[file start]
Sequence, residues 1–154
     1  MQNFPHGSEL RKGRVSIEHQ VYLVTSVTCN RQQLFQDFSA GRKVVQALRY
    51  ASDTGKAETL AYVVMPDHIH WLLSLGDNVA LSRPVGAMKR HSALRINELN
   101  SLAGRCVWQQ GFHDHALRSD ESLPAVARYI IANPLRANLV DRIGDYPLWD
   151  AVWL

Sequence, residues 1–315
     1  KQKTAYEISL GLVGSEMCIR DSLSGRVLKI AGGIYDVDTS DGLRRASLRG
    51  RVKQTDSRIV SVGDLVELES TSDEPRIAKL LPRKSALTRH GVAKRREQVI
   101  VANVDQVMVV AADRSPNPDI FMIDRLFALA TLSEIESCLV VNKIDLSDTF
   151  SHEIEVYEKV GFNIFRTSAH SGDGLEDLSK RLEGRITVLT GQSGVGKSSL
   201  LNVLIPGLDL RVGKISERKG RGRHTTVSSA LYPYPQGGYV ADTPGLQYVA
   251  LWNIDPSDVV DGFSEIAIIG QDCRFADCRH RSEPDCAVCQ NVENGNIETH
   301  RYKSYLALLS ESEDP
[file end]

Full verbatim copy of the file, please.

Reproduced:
Sequence, residues 1–154
     1  MQNFPHGSEL RKGRVSIEHQ VYLVTSVTCN RQQLFQDFSA GRKVVQALRY
    51  ASDTGKAETL AYVVMPDHIH WLLSLGDNVA LSRPVGAMKR HSALRINELN
   101  SLAGRCVWQQ GFHDHALRSD ESLPAVARYI IANPLRANLV DRIGDYPLWD
   151  AVWL

Sequence, residues 1–315
     1  KQKTAYEISL GLVGSEMCIR DSLSGRVLKI AGGIYDVDTS DGLRRASLRG
    51  RVKQTDSRIV SVGDLVELES TSDEPRIAKL LPRKSALTRH GVAKRREQVI
   101  VANVDQVMVV AADRSPNPDI FMIDRLFALA TLSEIESCLV VNKIDLSDTF
   151  SHEIEVYEKV GFNIFRTSAH SGDGLEDLSK RLEGRITVLT GQSGVGKSSL
   201  LNVLIPGLDL RVGKISERKG RGRHTTVSSA LYPYPQGGYV ADTPGLQYVA
   251  LWNIDPSDVV DGFSEIAIIG QDCRFADCRH RSEPDCAVCQ NVENGNIETH
   301  RYKSYLALLS ESEDP